Nov 11, 2013 | 19:44 GMT

5 mins read

France's Role in the Iran Negotiations

France's Role in the Iran Negotiations

France's apparently hard-line stance in the nuclear negotiations with Iran is not indicative of a break from the U.S. position. France stands to gain domestically and with its partners by highlighting its important foreign policy role while bringing itself closer to Israel and other Middle Eastern countries that are concerned about the talks. In addition, a firmer French position in the negotiations contrasts with a somewhat more amicable U.S. position, benefiting the United States' negotiating position. Paris and Washington are likely coordinating, and any differences would probably be aired in confidence.

In recent years, France appears to have adopted a more hawkish stance on world issues, from intervening in Mali to demanding that the Syrian regime be "punished" for its use of chemical weapons against its civilian population. France's hard stance in the negotiations with Iran in recent days seems to be part of the same trend. Paris' latest moves are in line with its strategic interests and, to some extent, its short-term goal of increasing the government's domestic support.

France is both a Mediterranean power and a former colonial power. As a result, Paris has political, economic and military interests in several parts of Africa and the Middle East. This explains France's military involvement in Mali, a former French colony in West Africa, and its permanent interest in countries such as Libya, Syria and Lebanon. In 2011, France participated in the air campaign against Moammar Gadhafi in Libya, and in 2013 it was on the frontline of political pressure on the Bashar al Assad regime in Syria. France has troops deployed in Chad, the Central African Republic, Gabon and Lebanon, among other countries.

However, Paris intervenes militarily only in cases where its strategic interests are at stake, and usually under the umbrella of some sort of international alliance to provide its acts with some degree of legitimacy. Capability is also an issue: Mali required very few troops but France still needed some assistance in key areas such as refueling as well as intelligence, surveillance and reconnaissance. For larger operations (such as those in Libya or Syria), France does not have the sheer volume and capability to do the operation cleanly without a coalition.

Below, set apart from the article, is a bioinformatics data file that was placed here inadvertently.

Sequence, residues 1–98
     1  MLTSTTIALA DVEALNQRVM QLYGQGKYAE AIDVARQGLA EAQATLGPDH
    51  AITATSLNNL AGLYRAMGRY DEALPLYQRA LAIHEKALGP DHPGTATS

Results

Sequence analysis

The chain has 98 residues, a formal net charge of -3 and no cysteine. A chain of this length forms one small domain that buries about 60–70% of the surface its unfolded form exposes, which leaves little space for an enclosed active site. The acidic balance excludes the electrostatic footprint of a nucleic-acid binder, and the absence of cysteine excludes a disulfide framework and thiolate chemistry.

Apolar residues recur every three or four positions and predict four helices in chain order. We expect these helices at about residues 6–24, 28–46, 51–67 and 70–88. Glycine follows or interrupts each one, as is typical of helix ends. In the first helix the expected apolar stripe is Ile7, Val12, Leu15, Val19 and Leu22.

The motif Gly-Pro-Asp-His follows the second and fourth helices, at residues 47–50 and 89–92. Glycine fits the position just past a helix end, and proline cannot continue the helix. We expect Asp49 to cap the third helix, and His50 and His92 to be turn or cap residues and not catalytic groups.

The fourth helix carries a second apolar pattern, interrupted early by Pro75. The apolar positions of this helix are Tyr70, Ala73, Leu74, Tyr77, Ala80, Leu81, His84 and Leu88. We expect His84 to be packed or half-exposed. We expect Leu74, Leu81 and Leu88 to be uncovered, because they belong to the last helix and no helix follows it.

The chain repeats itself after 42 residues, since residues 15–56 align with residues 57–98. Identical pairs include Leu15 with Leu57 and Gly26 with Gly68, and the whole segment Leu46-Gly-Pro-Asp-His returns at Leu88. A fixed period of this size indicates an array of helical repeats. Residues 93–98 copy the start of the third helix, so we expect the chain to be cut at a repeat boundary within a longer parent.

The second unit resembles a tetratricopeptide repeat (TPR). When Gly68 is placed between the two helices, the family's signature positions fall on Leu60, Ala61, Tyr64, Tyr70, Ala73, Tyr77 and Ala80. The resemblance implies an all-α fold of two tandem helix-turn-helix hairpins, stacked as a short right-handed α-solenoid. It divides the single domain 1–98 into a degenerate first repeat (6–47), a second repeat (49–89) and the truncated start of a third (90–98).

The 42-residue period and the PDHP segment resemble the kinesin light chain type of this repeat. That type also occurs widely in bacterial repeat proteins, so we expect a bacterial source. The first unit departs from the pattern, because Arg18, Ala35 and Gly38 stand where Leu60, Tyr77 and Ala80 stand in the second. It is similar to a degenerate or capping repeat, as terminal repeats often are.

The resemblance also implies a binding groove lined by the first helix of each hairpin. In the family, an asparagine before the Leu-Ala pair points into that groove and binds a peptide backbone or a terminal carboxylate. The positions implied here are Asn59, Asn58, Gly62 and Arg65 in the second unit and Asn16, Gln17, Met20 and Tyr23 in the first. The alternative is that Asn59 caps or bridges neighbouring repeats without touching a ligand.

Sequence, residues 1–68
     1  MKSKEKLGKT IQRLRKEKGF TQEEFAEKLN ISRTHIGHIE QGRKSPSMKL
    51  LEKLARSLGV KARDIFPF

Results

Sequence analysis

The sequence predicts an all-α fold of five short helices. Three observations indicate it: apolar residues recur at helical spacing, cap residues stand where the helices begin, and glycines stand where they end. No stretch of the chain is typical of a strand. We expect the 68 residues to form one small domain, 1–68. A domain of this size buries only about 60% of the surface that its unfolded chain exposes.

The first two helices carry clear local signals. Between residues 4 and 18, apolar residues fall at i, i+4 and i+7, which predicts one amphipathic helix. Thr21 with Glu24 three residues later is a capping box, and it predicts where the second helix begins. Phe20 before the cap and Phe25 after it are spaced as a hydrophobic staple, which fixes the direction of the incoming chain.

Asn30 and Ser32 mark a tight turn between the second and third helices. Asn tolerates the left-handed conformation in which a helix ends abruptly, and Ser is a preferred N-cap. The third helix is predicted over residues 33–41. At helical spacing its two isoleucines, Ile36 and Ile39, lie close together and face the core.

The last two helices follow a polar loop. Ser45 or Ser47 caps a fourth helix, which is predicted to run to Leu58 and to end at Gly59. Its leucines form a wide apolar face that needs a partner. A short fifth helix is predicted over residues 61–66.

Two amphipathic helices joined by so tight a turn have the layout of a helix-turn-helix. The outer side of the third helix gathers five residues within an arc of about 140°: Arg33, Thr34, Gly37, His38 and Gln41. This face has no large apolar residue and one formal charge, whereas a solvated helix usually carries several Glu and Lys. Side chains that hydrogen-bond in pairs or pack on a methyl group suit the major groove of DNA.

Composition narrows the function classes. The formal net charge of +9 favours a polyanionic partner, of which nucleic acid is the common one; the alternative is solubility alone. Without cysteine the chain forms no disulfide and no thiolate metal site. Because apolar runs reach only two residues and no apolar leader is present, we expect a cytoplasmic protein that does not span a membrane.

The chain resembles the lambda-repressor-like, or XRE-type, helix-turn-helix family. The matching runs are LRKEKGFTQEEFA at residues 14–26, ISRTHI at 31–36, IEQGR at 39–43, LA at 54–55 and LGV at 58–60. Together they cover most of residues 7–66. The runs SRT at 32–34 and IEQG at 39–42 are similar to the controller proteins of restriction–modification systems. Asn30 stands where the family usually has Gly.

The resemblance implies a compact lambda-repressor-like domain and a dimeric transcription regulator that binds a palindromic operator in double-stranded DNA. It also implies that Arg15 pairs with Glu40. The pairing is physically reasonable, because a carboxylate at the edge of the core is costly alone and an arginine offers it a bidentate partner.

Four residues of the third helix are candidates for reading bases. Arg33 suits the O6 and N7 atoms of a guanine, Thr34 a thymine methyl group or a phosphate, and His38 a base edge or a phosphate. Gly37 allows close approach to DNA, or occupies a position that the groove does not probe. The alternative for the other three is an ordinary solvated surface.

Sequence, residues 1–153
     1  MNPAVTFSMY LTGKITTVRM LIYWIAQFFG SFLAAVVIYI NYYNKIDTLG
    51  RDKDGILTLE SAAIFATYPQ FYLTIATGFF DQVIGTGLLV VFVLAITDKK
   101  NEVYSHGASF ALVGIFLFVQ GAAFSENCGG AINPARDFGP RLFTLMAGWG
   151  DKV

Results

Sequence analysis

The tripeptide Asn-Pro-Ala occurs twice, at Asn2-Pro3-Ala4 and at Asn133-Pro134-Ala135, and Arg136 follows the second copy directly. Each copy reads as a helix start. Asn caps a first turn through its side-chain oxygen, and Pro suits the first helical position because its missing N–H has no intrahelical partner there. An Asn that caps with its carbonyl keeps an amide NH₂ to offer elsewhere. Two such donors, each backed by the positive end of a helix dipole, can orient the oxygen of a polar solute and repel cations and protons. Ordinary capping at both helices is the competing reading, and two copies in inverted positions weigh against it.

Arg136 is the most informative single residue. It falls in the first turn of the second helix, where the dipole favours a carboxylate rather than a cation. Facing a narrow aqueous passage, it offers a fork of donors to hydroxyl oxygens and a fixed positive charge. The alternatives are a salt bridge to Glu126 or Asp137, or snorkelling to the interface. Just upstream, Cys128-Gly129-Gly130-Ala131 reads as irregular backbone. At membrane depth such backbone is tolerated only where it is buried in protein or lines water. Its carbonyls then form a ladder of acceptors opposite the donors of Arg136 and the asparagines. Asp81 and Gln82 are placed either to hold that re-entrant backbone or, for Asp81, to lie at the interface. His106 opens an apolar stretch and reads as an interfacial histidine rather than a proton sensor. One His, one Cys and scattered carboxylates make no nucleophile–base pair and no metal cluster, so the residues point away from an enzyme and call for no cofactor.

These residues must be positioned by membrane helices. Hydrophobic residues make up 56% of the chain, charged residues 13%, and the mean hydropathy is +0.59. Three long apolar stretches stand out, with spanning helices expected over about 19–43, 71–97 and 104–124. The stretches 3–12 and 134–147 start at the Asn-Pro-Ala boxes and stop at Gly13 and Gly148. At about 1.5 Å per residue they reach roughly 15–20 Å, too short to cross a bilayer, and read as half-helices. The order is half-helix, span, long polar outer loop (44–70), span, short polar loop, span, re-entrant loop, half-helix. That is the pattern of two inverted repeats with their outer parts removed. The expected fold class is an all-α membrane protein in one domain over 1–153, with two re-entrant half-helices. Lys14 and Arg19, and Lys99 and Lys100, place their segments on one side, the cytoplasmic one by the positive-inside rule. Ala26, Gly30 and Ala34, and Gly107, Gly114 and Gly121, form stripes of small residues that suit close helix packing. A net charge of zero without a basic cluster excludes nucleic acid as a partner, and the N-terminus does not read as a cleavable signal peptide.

The failure by Western powers to bomb Syria is a clear example of this trend. In early 2013, Paris and London pushed Washington to intervene in the Syrian conflict, but in the wake of the British Parliament's rejection of military action and facing U.S. indecisiveness on the issue, Paris quickly abandoned the push for military action. Regarding Iran's nuclear program, Paris does not want Tehran to start a nuclear race in the Middle East that could affect French interests in the region, so it is genuinely interested in curbing Tehran's nuclear ambitions.

In addition to its strategic interests, Paris is also looking for short-term tactical gains to boost its position at home. The country's stagnating economy and rising unemployment have made the government of President Francois Hollande very unpopular at home, with opinion polls suggesting that two-thirds of the population is willing to take to the streets to protest Paris' policies. Foreign policy is one of the few areas where the government can show strength, resolution and the kind of leadership that the French believe Hollande lacks. This is one of the reasons Paris is taking a strong stance in international affairs, with Syria (and now Iran) as clear examples. However, this tactic has limits. Most French voters are far more concerned about the domestic economy than foreign affairs.

France could gain financially from the Gulf Cooperation Council's frustrations over recent U.S. policy in the Middle East. Significant defense contracts worth tens of billions of dollars are up for grabs in the Gulf region, ranging from aircraft to warships to missile systems. France is predominantly competing with Britain and the United States for the contracts and is seeking to position itself as a key ally of Saudi Arabia, Qatar and the United Arab Emirates as it seeks to strengthen its defense and industrial ties with the region. For example, on Nov. 10 Saudi and French troops began a series of military exercises in Saudi Arabia. (Both countries held joint exercises in Corsica last year.)

By highlighting to the Gulf states that it shares their concerns on Syria and Iran, France can lend some political support to its arms tenders, but Paris realizes that although this may bolster their goals it would hardly be the decisive criteria in the arms selections. U.S. defense ties with the Gulf countries are strong, and though countries such as Saudi Arabia, the United Arab Emirates and Qatar may be inclined to sign further arms deals with France, Paris will hardly be able to dominate the large Gulf arms market. Still, with so much money at stake, even a slight political advantage helps.

This strategy is not without risks. For example, Tehran is exploring ways to make its energy sector more inviting to foreign investment, and France's tough stance against Iran could undermine attempts by French energy companies to benefit from any preferential treatment Iran offers. Additionally, French companies in the nuclear energy and manufacturing sector could see their potential involvement in Iran hurt if relations worsen.

In any case, the talks with Iran ended but did not fail. As Stratfor forecast, the United States will move toward some degree of alignment with Iran in the coming years, independent of what France does. Moreover, France and the United States have a general consensus on Iran, so a serious disagreement between Washington and Paris over the Iranian issue seems unlikely.

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